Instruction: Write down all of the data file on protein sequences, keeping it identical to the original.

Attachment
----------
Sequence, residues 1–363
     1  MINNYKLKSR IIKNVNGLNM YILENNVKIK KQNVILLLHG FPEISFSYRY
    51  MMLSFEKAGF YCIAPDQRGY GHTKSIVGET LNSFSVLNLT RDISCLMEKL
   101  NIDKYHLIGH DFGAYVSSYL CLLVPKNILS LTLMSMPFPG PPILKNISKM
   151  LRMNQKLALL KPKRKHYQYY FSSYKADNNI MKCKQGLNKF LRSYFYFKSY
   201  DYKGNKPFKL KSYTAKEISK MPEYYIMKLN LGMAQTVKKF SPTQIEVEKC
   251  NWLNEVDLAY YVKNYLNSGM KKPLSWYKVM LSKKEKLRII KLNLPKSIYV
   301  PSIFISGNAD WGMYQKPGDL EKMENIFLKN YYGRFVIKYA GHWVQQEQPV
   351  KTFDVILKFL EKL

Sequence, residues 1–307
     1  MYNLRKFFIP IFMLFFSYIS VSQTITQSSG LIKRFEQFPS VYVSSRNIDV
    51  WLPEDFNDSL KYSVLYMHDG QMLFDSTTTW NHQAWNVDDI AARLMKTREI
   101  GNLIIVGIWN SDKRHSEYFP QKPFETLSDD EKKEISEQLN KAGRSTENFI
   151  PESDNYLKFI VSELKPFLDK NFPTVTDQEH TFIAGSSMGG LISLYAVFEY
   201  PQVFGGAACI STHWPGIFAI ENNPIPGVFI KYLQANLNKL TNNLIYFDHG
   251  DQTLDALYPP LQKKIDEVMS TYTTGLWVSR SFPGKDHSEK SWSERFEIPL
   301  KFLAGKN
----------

Sequence, residues 1–363
     1  MINNYKLKSR IIKNVNGLNM YILENNVKIK KQNVILLLHG FPEISFSYRY
    51  MMLSFEKAGF YCIAPDQRGY GHTKSIVGET LNSFSVLNLT RDISCLMEKL
   101  NIDKYHLIGH DFGAYVSSYL CLLVPKNILS LTLMSMPFPG PPILKNISKM
   151  LRMNQKLALL KPKRKHYQYY FSSYKADNNI MKCKQGLNKF LRSYFYFKSY
   201  DYKGNKPFKL KSYTAKEISK MPEYYIMKLN LGMAQTVKKF SPTQIEVEKC
   251  NWLNEVDLAY YVKNYLNSGM KKPLSWYKVM LSKKEKLRII KLNLPKSIYV
   301  PSIFISGNAD WGMYQKPGDL EKMENIFLKN YYGRFVIKYA GHWVQQEQPV
   351  KTFDVILKFL EKL

Sequence, residues 1–307
     1  MYNLRKFFIP IFMLFFSYIS VSQTITQSSG LIKRFEQFPS VYVSSRNIDV
    51  WLPEDFNDSL KYSVLYMHDG QMLFDSTTTW NHQAWNVDDI AARLMKTREI
   101  GNLIIVGIWN SDKRHSEYFP QKPFETLSDD EKKEISEQLN KAGRSTENFI
   151  PESDNYLKFI VSELKPFLDK NFPTVTDQEH TFIAGSSMGG LISLYAVFEY
   201  PQVFGGAACI STHWPGIFAI ENNPIPGVFI KYLQANLNKL TNNLIYFDHG
   251  DQTLDALYPP LQKKIDEVMS TYTTGLWVSR SFPGKDHSEK SWSERFEIPL
   301  KFLAGKN